BCRP3 was identified based on its downregulation in many types of tumor tissues, compared with the normal tissues. However, whether BCRP3 plays a suppressive role in tumor initiation through its autophagy-enhancing function remains unclear. Studying the tumor-initiation function often requires the utilization of genetically modified mouse models, but the lack of murine homologue of BCRP3 precludes such study. Although the function of BCRP3 in cancer remains elusive, our finding for the upregulation of BCRP3 in response to certain proteotoxic stresses and its effect on aggrephagy induction for maintaining proteostasis and cell viability imply an impact of BCRP3 on preventing pathological states associated with the accumulation of proteinaceous inclusions. These proteinopathies represent a large group of disease states, including various neurodegenerative diseases, and evidence has emerged that autophagy plays protective roles against these disease states [56, 57]. Future study will aim to interrogate the function and expression of BCRP3 in these human pathological states.
We identified lncRNA BCRP3 as a riboactivator of autophagy through its binding and stimulating the catalytic activity of VPS34 complex. In response to certain proteotoxic stresses, BCRP3 is upregulated to enhance aggrephagy activity. BCRP3 deficiency under proteotoxicity not only compromises protein quality control but leads to the accumulation of anti-proliferation and cell death proteins/signaling molecules to suppress cell proliferation and survival.
Availability of data and materials
The original mass spectrometry data for proteome analysis are deposited to the ProteomeXchange Consortium via PRIDE partner repository with the project accession number PXD030756. All other data supporting the findings of this study are available from the corresponding author upon reasonable request.
Aggresome-like induced structure
- BCRP3 :
Break point region pseudogene 3
Earle's Balanced Salt Solution
Fetal bovine serum
False discovery rate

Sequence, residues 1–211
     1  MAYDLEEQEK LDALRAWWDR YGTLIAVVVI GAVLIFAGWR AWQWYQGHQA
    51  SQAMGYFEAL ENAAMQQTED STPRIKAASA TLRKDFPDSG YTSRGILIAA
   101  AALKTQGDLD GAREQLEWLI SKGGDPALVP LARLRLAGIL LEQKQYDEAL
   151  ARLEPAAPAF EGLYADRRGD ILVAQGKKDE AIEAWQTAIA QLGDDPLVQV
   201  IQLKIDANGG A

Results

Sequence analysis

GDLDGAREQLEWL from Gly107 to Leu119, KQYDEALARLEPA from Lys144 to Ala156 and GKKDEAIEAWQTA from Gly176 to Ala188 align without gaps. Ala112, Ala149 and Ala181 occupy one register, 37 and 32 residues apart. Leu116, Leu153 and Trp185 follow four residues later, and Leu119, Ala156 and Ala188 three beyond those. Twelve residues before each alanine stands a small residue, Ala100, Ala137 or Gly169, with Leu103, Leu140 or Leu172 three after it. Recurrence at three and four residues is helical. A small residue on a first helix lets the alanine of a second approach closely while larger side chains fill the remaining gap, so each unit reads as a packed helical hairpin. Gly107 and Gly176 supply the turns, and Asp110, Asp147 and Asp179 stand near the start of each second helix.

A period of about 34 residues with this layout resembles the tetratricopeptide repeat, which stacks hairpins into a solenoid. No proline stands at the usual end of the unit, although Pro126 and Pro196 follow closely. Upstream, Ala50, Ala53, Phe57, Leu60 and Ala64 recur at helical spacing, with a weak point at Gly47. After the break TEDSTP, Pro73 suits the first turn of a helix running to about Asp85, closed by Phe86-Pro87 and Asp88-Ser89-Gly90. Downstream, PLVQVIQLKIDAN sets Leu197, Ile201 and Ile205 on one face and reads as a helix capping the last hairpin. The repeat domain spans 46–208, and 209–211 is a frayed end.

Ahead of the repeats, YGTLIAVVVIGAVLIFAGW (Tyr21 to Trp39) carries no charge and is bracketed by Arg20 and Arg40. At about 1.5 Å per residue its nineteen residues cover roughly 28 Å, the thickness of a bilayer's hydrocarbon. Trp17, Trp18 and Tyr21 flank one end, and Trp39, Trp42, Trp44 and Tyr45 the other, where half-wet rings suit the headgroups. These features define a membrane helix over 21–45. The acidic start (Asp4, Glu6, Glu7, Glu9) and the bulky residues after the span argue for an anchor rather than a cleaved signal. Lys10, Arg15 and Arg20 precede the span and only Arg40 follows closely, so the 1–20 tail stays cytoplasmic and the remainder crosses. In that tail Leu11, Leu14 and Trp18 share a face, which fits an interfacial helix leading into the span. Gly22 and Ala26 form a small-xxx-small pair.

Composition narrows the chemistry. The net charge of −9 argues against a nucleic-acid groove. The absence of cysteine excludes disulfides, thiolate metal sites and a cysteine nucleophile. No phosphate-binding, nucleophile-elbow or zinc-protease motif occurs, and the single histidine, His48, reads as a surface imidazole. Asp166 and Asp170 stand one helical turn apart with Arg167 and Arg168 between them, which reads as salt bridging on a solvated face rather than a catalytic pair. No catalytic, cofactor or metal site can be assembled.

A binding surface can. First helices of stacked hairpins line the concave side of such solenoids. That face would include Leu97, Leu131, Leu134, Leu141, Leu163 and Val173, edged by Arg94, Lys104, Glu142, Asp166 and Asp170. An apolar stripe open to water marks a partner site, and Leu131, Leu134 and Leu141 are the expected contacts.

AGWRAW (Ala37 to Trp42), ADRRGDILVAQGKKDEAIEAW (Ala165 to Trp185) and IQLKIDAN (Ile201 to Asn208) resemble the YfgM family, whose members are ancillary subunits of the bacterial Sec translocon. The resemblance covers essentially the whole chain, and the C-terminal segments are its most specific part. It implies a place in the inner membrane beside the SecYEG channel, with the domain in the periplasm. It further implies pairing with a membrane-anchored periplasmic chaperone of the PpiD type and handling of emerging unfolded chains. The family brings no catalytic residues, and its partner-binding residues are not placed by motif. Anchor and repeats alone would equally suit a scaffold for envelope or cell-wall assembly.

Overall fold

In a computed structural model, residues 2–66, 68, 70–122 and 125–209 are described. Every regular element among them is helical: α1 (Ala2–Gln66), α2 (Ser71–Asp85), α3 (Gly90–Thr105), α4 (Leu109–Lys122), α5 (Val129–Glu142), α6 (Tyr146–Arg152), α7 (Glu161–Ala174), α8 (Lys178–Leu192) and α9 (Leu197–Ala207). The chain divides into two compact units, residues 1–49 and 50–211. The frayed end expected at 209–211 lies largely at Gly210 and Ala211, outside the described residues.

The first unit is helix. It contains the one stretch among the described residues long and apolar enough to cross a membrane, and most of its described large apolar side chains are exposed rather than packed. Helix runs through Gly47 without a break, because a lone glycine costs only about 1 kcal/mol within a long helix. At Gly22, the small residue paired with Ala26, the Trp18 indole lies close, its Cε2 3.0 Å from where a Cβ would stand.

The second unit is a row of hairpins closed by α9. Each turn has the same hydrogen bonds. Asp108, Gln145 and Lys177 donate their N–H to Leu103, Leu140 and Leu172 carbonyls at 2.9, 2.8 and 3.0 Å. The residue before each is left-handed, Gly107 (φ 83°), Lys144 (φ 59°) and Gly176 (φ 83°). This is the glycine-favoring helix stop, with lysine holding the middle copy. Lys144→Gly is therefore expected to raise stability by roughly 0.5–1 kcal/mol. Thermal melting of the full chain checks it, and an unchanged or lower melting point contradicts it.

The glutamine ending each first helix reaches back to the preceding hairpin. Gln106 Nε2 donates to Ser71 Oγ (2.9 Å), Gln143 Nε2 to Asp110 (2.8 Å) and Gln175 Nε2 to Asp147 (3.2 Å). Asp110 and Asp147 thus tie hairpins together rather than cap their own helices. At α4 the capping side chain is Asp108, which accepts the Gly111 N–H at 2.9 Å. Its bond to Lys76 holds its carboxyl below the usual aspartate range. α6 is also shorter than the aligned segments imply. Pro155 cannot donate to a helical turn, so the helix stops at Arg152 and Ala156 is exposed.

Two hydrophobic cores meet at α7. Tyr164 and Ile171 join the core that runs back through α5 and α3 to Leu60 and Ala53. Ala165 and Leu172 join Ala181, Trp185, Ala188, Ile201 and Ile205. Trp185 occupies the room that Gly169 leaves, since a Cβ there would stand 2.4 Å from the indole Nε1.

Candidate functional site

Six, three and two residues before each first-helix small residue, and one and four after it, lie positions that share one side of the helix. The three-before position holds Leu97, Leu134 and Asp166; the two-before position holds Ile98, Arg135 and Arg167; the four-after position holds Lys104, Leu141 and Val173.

Fluorescence in situ hybridization
Liquid chromatography-tandem mass spectrometry
Long non-coding RNAs
Minimum essential medium
National Center for Biotechnology Information
Quantitative real-time PCR
Roswell Park Memorial Institute
Type I TGF-β receptor
The Cancer Genome Atlas
Komatsu M, Waguri S, Chiba T, Murata S, Iwata J, Tanida I, et al. Loss of autophagy in the central nervous system causes neurodegeneration in mice. Nature. 2006;441:880–4.
Levine B, Kroemer G. Autophagy in the pathogenesis of disease. Cell. 2008;132:27–42.
Korolchuk VI, Menzies FM, Rubinsztein DC. Mechanisms of cross-talk between the ubiquitin-proteasome and autophagy-lysosome systems. FEBS Lett. 2010;584:1393–8.
Verhoef LG, Lindsten K, Masucci MG, Dantuma NP. Aggregate formation inhibits proteasomal degradation of polyglutamine proteins. Hum Mol Genet. 2002;11:2689–700.
Mizushima N, Yoshimori T, Ohsumi Y. The role of Atg proteins in autophagosome formation. Annu Rev Cell Dev Biol. 2011;27:107–32.
Simonsen A, Tooze SA. Coordination of membrane events during autophagy by multiple class III PI3-kinase complexes. J Cell Biol. 2009;186:773–82.
Hill SM, Wrobel L, Rubinsztein DC. Post-translational modifications of Beclin 1 provide multiple strategies for autophagy regulation. Cell Death Differ. 2019;26:617–29.
Stolz A, Ernst A, Dikic I. Cargo recognition and trafficking in selective autophagy. Nat Cell Biol. 2014;16:495–501.
Bjorkoy G, Lamark T, Brech A, Outzen H, Perander M, Overvatn A, et al. p62/SQSTM1 forms protein aggregates degraded by autophagy and has a protective effect on huntingtin-induced cell death. J Cell Biol. 2005;171:603–14.
Kirkin V, Lamark T, Sou YS, Bjorkoy G, Nunn JL, Bruun JA, et al. A role for NBR1 in autophagosomal degradation of ubiquitinated substrates. Mol Cell. 2009;33:505–16.
Lu K, Psakhye I, Jentsch S. A new class of ubiquitin-Atg8 receptors involved in selective autophagy and polyQ protein clearance. Autophagy. 2014;10:2381–2.
Shen Z, Li Y, Gasparski AN, Abeliovich H, Greenberg ML. Cardiolipin regulates mitophagy through the protein kinase C pathway. J Biol Chem. 2017;292:2916–23.
Turco E, Savova A, Gere F, Ferrari L, Romanov J, Schuschnig M, et al. Reconstitution defines the roles of p62, NBR1 and TAX1BP1 in ubiquitin condensate formation and autophagy initiation. Nat Commun. 2021;12:5212.
Ichimura Y, Kumanomidou T, Sou YS, Mizushima T, Ezaki J, Ueno T, et al. Structural basis for sorting mechanism of p62 in selective autophagy. J Biol Chem. 2008;283:22847–57.
Pankiv S, Clausen TH, Lamark T, Brech A, Bruun JA, Outzen H, et al. p62/SQSTM1 binds directly to Atg8/LC3 to facilitate degradation of ubiquitinated protein aggregates by autophagy. J Biol Chem. 2007;282:24131–45.
Sun D, Wu R, Zheng J, Li P, Yu L. Polyubiquitin chain-induced p62 phase separation drives autophagic cargo segregation. Cell Res. 2018;28:405–15.
Wurzer B, Zaffagnini G, Fracchiolla D, Turco E, Abert C, Romanov J, et al. Oligomerization of p62 allows for selection of ubiquitinated cargo and isolation membrane during selective autophagy. Elife. 2015;4: e08941.
Zaffagnini G, Savova A, Danieli A, Romanov J, Tremel S, Ebner M, et al. p62 filaments capture and present ubiquitinated cargos for autophagy. EMBO J. 2018;37:e98308.
Turco E, Witt M, Abert C, Bock-Bierbaum T, Su MY, Trapannone R, et al. FIP200 claw domain binding to p62 promotes autophagosome formation at ubiquitin condensates. Mol Cell. 2019;74:330–46.